VENICE — If you want an example of the law of unintended consequences, look no further than the city’s sick leave policy.

It was changed in 2013 so Venice would no longer be writing big checks to people who were leaving their job with hundreds of hours of unused sick time.

Longtime employees who let their sick leave accumulate could cash it in for thousands of dollars, Council Member Bob Daniels said.

The system that was put into place to prevent that pays 50% of the value of accrued time to anyone who was hired before Oct. 1, 1993; 25% to anyone hired between then and Oct. 1, 2013; and nothing to anyone hired later than that.

So what’s the unintended consequence? Actually, there are a couple.

One is that people are using their sick time instead of accruing it because that’s the only way to get full value for it, Mayor John Holic said.

“You don’t have to be a math genius to know you’re going to burn as much of your sick leave as you can if you’re only going to get 50% or 25% of it back when you retire or leave,” he said. “That puts a strain on the rest of the employees who aren’t calling in sick. So there is a shortcoming to what we’re doing right now.”

It’s aggravated by a city policy that allows employees to donate sick leave to coworkers who are out under the Family and Medical Leave Act. There’s no incentive to bank time if you can get it donated by fellow employees, he said.

“I don’t think that’s what sick leave is designed for,” Holic said.

Assistant City Manager Len Bramble said that the option to donate time was taken out when the sick leave policy was revised in 2013, then added back following what Director of Human Resources Alan Bullock described as an employee “uproar.”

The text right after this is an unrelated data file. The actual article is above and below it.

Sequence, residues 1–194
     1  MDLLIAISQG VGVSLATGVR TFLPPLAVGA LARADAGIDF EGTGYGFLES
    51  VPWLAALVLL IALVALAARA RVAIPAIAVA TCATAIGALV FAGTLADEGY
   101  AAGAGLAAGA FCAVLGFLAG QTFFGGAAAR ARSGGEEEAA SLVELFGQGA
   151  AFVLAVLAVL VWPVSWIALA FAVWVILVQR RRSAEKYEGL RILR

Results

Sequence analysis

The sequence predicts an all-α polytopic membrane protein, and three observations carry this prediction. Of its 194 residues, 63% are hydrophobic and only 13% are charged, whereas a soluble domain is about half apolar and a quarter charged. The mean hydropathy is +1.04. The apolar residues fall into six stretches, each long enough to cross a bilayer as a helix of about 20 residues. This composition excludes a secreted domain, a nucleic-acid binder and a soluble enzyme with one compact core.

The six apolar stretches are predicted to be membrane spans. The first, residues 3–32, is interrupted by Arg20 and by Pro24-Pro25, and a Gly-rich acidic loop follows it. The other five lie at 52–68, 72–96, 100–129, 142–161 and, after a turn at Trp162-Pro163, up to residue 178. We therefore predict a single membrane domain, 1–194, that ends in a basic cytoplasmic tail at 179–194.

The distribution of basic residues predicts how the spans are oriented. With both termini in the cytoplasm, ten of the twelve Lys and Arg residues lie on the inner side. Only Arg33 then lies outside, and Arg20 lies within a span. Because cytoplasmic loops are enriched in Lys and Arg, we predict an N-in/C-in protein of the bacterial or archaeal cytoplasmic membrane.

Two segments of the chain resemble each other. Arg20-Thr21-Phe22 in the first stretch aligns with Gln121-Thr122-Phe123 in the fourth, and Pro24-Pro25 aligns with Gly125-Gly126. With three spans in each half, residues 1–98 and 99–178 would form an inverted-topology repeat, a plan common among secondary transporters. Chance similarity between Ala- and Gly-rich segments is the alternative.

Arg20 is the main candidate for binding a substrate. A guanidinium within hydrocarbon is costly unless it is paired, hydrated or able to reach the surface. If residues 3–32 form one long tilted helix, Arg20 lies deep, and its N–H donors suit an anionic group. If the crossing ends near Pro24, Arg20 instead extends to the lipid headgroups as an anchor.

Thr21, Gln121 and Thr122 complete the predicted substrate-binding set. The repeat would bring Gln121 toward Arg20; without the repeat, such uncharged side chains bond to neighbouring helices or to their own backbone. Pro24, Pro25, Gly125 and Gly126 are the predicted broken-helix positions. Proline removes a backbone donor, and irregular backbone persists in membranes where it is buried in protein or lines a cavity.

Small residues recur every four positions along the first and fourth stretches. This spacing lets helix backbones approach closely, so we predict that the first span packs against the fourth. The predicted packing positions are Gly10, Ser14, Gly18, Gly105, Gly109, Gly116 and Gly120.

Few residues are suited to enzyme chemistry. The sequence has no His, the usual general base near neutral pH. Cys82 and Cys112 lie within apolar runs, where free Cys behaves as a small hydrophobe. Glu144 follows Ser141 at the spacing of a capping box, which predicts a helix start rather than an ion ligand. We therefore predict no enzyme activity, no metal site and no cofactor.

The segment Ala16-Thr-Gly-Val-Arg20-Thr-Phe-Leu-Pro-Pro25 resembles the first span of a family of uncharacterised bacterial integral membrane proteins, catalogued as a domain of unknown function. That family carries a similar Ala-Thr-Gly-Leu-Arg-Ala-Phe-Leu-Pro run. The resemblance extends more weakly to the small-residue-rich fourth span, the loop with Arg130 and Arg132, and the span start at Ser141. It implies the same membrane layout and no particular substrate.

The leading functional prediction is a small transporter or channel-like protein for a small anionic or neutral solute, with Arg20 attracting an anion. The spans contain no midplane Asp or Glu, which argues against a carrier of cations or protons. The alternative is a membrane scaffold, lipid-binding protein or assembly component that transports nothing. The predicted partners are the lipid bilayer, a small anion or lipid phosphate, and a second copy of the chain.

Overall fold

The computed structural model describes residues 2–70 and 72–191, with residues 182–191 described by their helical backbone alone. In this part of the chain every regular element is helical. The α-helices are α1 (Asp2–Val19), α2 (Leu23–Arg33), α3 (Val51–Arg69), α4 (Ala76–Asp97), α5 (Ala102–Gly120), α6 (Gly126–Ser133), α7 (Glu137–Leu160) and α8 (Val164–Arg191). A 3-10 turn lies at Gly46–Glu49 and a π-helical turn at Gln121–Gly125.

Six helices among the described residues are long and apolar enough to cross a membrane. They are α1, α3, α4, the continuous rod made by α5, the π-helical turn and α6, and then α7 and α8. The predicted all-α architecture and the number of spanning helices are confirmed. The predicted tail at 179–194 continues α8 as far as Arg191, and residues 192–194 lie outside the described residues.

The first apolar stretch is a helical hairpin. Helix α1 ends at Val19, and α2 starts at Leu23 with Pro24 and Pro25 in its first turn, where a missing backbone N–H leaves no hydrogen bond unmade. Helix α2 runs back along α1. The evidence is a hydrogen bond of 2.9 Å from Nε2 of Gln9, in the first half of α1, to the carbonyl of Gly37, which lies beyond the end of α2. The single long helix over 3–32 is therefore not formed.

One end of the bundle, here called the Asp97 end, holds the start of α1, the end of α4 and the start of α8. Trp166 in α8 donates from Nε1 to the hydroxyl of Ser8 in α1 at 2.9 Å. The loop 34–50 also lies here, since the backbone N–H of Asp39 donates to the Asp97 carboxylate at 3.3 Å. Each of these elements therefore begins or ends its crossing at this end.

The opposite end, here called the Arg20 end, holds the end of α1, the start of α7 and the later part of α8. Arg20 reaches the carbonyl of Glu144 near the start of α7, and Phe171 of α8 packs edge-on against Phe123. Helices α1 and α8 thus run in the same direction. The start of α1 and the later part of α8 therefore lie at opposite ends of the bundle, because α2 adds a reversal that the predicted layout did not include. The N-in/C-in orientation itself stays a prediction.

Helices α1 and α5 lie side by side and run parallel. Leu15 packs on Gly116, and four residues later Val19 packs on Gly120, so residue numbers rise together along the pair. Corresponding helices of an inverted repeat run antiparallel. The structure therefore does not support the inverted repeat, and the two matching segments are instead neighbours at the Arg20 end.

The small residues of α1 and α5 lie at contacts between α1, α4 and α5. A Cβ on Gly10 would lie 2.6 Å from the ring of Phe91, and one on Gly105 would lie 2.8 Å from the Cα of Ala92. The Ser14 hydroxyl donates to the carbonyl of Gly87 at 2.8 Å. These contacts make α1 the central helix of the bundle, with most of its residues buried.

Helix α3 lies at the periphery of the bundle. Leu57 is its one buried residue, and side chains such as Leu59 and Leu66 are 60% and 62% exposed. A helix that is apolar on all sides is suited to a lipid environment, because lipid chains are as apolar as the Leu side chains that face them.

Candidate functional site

“One of the things that people like about working in Venice is it’s kind of a family atmosphere,” Bullock said. “We take care of each other.”

That was when donating was linked to the FMLA, which requires an absence be certified by a medical provider, he said.

The other part of the problem is that there have been a few instances when someone who was leaving decided to use their accrued time to be gone before their actual departure date.

There’s not much the city can do about that, Bullock said, because the usual punishment Human Resources would dole out is essentially meaningless.

Bullock said he’s getting input from other cities on their sick leave policies and will bring the topic back for discussion. If it’s not on the Nov. 12 agenda, that means at least two new Council members will get to weigh in on it.

Council members Chuck Newsom and Mitzie Fiedler will be there, on opposite sides of donating sick time.

Newsom said his daughter, a teacher in Cleveland, has told him about donations of sick leave there and it seemed to him it’s being abused.

He’d never encountered in it 40 years in business, he said, and would never have it if it were up to him.

Fiedler, who spent more than 30 years in education, said she likes the option and had seen little abuse of it. It’s her preference, she said, that people use their sick leave rather than go to work ill.

Daniels could be the second vote not to take away the donation option, at least if there’s no abuse of it. The people receiving the time have major illnesses or are terminal, he said, and out of leave and out of money.

That’s a reason for the city to do a better job education its employees about disability insurance, Holic said. There are long-term and short-term options, he said, and they’re not very expensive.

“I always carried it,” he said.


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